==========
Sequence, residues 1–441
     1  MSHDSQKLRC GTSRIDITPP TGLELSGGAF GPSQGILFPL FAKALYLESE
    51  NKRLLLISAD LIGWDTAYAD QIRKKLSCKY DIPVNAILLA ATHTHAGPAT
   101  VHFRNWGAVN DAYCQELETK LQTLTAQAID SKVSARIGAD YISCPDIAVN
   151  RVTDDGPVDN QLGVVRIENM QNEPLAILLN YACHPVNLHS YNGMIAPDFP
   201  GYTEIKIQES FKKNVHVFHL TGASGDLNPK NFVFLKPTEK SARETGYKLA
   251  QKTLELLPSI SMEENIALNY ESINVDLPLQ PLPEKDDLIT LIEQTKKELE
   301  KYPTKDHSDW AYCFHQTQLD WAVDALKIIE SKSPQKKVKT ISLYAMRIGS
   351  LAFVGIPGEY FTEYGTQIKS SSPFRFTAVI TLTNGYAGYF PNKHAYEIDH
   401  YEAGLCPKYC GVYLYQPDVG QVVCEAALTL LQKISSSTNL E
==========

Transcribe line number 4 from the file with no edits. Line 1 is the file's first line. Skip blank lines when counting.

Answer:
   101  VHFRNWGAVN DAYCQELETK LQTLTAQAID SKVSARIGAD YISCPDIAVN